Searching Path

1. giahan Guest

Searching Path

Hi all,<BR><BR>I havve a table like this<BR>Start(End) End(Start)<BR>A B<BR>A C<BR>B C<BR>C D<BR>A D<BR>E D<BR>A E<BR>C F<BR>in my SQL db<BR>I have to implement and find all that possible path from Start to End. For instance, if user enters A as "Start" and B as "End", I have to display all paths like:<BR>AB<BR>ACB<BR>ADCB<BR>AEDCB<BR><BR>Any help or hint would be really appreciated.<BR>

2. Nathan Wenneker Guest

RE: Searching Path

I would create a recursive function to do this.<BR><BR>The plan would be to break all routes from point A to point B<BR>into a series of smaller point to point jumps. Each time you call<BR>the function you&#039;d pass its route so far as an argument to the function.<BR><BR>For example...If ABC is a route -- first the function would find<BR>AB, then it would be called again to find BC (with A as an argument). Once it found that it reached C, it would append BC to the passed route (A) and save it as a complete route. Same idea for ABCD -- first find AB, then find BC (with A passed), then find CD (with AB) passed, and since D was reached, append CD to AB and save it as a complete route.<BR><BR>Assuming A is your start point and B is your end point, you&#039;d call the recursive function the first time with three arguments -<BR>A, B, and blank<BR><BR>The recursive function would then do this:<BR><BR>(1) Bring back all records that start at argument one and end anywhere.<BR><BR>(2) Check to see if the anywhere is the second argument. -- if it is, then this is a complete path - store it somewhere (remember to append to whatever is stored in the third argument)<BR><BR>(3) From within the function, call itself again for each of the unique second points that it found in step (1) with the first argument being the second point and the second argument being the original destination point, and the third argument being the completed route so far (equivalent to appending the current first argument to the current third argument). This would start steps 1 and 2 over again. To check if a point is unique, check to see if it exists in the third argument....this is to prevent a route from A to B such as ACACACACACACACACACB.<BR><BR>There is one downfall to this approach -- and that is processing time. Let&#039;s say you want to find A to D and that ABCD is a route<BR>and that ACD is a route. With the above approach, the program would have to figure out twice that C goes to D -- once for each route. Certainly you could come up with some code to recognize when you got to ABC that AC was already being processed and just wait for AC to finish so you could use the same end routes for both ABC and AC without figuring out the same end routes twice.<BR><BR><BR>Nathan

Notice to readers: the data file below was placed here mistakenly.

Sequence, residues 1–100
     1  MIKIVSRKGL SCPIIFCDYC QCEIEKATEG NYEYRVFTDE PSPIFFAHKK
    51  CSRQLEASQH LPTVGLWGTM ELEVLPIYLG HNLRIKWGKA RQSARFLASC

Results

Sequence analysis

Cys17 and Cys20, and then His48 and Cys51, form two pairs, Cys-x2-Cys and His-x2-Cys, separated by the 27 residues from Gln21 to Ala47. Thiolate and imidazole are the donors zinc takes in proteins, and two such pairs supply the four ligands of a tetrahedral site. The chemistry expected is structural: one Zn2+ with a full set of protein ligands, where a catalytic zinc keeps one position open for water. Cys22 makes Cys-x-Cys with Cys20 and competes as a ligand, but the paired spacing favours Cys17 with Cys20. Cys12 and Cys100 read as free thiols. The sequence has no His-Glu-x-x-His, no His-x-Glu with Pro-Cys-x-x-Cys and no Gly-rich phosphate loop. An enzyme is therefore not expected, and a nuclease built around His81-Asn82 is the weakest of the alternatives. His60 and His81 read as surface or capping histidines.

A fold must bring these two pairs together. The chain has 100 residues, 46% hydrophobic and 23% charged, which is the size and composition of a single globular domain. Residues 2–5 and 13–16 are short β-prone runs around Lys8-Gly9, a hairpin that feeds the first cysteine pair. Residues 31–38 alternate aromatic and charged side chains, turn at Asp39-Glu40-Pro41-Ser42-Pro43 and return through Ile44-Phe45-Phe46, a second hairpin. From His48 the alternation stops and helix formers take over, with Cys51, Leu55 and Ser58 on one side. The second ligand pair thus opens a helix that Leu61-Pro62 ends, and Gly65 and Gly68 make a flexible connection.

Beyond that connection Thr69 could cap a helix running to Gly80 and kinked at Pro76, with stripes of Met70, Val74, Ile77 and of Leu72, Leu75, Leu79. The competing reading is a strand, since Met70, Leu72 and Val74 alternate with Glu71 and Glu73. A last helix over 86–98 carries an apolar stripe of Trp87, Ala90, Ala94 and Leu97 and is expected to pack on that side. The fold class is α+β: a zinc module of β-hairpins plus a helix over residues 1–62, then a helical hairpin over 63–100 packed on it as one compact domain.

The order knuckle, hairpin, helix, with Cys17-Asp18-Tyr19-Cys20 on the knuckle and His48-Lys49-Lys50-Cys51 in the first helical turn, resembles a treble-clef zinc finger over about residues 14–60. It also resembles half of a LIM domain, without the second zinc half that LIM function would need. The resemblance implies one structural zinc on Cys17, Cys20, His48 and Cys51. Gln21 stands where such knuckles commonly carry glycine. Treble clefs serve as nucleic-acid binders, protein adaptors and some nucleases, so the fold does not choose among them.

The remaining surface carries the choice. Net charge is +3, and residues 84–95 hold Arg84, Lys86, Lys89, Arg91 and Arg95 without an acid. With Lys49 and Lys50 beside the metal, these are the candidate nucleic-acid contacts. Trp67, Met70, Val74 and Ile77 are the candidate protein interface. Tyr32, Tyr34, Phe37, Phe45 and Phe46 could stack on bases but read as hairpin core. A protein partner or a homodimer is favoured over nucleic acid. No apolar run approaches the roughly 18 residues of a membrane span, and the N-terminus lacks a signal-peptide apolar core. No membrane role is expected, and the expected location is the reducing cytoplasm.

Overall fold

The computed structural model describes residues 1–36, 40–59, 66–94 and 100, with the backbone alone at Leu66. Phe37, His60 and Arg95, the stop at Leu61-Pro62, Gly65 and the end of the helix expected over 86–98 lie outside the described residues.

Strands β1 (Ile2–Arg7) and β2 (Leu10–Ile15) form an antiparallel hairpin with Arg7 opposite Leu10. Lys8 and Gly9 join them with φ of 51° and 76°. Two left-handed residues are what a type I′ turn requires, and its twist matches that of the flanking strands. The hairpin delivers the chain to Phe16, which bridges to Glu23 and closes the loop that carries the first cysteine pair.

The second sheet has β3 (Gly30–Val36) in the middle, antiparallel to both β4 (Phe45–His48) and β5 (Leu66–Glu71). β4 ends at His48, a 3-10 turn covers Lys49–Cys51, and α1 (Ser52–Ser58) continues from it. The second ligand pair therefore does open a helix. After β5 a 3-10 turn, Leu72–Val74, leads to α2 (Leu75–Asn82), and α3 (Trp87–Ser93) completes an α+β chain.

3. giahan Guest

RE: Searching Path